All I Ever Wanted to Be Was a Carpenter
A former editor gets back to his roots by becoming a tradesperson once again.
It was in third grade when I realized I wanted to be a carpenter. One Friday afternoon in the spring, a truck from Gardener’s Lumber showed up and delivered a stack of lumber in our driveway. My father was going to enclose our side porch and extend our kitchen into the space. Even from inside the house the smell from the fir and pine was alluring. I was never so excited for a weekend. I had visions of working alongside the old man, turning that pile of lumber into part of our house.
But I was too young to be more help than hindrance. Despite my protests, Mom sent me to my friend Butch’s house on Saturday, and, after a battle royal, to Sunday school the following morning. I’ve rarely had a more disappointing weekend. The situation improved by fifth grade, when I was allowed to spend a weekend mixing concrete for the foundation of one of Dad’s serial additions. Going to school on Monday, I knew I’d done a man’s work. I had never felt better about myself. There would have been a spring in my step had I not been half-crippled with pain from muscles whose very existence I only discovered that weekend.
At twenty, I dropped out of college and became a carpenter. Banging nails fed me and my family for fifteen years. I only left the trade because, through a chain of events that surprised me more than anyone, Fine Homebuilding’s long-time editor Kevin Ireton offered me a job. I had every issue of the magazine. It was my Bible, and Kevin its chief apostle. How could I say no?
I spent the next 22 years in media; mostly at Fine Homebuilding or Fine Woodworking, but also as a freelance author (Taunton’s Building Stairs and Carpentry Complete), and then as the editor of Professional Deck Builder magazine, and then back to FHB, and then managing the live-action clinics at JLC Live and The Remodeling Show.
There’s no denying that it’s been a pretty cool career, but for the last few years, I’d been restless. Work that I’d once loved had become mechanical and unfulfilling. Six months ago, I realized that what I knew about myself at 8 was still true.
All I ever wanted to be was a carpenter.
Last week, I gave notice at my corporate job and dusted off my Occidental tool belt.
You’re probably thinking, “What the hell, Engel? Why would you, at 57, want to be a carpenter again? Was corporate life so trying that you miss digging splinters out with a utility knife? Icicles hanging from your nose in the winter? Headaches at two in the morning from the summer’s heat? Are you even physically capable at your advanced age?”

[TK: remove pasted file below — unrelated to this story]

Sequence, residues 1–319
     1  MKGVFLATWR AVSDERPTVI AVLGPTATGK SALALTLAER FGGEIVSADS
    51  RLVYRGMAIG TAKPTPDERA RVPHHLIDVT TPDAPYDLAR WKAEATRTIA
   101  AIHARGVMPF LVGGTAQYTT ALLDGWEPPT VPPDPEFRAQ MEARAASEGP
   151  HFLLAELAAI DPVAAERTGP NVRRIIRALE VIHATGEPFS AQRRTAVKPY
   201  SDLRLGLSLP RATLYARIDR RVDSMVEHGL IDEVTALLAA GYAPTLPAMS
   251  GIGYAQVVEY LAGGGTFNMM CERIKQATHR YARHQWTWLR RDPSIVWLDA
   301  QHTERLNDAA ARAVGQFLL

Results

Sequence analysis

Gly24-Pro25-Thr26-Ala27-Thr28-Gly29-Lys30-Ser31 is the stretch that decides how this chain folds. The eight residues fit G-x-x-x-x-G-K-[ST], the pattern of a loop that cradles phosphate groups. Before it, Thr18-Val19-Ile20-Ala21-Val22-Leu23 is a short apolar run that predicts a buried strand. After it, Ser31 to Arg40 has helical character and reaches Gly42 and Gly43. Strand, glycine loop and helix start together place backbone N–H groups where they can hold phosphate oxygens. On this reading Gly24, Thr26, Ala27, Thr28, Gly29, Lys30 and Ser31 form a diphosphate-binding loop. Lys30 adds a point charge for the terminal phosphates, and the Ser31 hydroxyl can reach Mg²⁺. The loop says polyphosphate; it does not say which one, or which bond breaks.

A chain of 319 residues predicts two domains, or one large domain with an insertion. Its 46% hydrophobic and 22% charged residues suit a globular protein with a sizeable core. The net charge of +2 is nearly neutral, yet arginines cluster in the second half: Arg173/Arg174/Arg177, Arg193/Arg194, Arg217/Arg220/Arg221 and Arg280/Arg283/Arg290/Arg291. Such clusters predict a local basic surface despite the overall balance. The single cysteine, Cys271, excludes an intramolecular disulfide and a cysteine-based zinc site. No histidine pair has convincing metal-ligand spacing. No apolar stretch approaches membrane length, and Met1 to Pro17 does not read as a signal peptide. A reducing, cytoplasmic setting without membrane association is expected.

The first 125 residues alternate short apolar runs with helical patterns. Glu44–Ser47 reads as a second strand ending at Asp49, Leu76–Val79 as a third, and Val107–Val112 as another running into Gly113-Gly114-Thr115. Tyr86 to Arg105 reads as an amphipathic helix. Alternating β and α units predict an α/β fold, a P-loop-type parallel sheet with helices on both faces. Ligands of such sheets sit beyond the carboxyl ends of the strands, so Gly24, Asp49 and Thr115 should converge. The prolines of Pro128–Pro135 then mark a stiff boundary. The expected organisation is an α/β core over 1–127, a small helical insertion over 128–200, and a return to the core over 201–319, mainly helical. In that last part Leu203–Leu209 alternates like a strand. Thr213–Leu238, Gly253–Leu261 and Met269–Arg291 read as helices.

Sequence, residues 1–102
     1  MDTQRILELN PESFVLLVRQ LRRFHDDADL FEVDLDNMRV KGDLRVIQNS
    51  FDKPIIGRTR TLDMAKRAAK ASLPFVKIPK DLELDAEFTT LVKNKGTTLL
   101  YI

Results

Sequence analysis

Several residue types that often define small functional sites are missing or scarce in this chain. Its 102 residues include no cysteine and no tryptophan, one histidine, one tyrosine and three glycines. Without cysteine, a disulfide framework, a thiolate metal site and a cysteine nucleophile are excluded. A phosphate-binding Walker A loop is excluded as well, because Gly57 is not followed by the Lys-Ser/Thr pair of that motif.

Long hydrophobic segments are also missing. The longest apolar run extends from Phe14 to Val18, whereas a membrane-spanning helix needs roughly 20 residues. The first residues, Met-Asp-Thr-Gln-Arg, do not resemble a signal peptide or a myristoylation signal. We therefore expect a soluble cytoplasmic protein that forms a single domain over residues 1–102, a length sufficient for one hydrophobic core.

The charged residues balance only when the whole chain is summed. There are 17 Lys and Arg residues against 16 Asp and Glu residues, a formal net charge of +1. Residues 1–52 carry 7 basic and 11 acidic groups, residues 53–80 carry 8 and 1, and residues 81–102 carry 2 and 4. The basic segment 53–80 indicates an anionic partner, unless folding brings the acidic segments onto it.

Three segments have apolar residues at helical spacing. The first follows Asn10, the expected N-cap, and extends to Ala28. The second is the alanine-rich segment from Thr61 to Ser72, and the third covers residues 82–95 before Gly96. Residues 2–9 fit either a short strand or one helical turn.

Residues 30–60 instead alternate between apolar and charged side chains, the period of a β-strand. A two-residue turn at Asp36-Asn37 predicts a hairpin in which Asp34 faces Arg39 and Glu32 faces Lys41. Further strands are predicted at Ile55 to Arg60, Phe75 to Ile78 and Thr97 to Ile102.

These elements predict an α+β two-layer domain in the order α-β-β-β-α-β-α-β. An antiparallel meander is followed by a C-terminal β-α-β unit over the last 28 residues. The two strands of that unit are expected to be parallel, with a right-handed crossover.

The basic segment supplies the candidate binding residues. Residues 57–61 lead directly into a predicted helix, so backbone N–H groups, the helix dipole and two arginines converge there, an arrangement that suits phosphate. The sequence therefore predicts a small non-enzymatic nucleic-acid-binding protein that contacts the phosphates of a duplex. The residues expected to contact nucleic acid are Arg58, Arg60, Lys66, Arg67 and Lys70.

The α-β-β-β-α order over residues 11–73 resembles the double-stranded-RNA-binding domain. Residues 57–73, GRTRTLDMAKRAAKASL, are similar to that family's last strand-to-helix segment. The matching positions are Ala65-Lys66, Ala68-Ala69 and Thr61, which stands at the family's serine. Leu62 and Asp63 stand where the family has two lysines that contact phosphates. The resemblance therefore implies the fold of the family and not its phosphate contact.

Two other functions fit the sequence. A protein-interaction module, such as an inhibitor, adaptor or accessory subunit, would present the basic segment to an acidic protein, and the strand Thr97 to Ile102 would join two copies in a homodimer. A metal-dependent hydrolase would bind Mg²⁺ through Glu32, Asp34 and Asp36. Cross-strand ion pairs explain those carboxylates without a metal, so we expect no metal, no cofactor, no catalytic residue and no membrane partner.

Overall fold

I’ve asked those same questions.
Call me a masochist, but I miss the elemental discomforts of building – they’re what outdoor enthusiasts call Type 2 fun. Plus, I never really stopped being a carpenter. Since going to work for FHB in 1996, my wife and I built the house our family lives in. And the garage/shop/apartment/tractor shed that sits behind it. And we renovated the house in New Jersey where I grew up. And I mountain-bike, hard, a couple of times a week. That physical fitness, along with the knowledge gleaned from 15 years in the trades and two decades in the magazine world, ought to make me valuable as a carpenter, particularly given that the leading complaint I hear from builders is the lack of qualified help.
Mason Lord and Dave Seegers, the owners of Hudson Valley Preservation Corp. in Kent, Conn., agreed. Now, along with Ian Schwandt, I’ll be one of two lead carpenters working for HVP. The company specializes in old houses, and this part of New England has some of the oldest ones in the country. Mason, Dave, Ian, and I all come from diverse backgrounds, and I’m very much looking forward to learning from them.
This blog will be about a couple of things. One is the transition of a middle-aged man back into the trades. The second, probably more interesting part, will be about the cool projects I’ll get to work on. I hope you’ll check back in.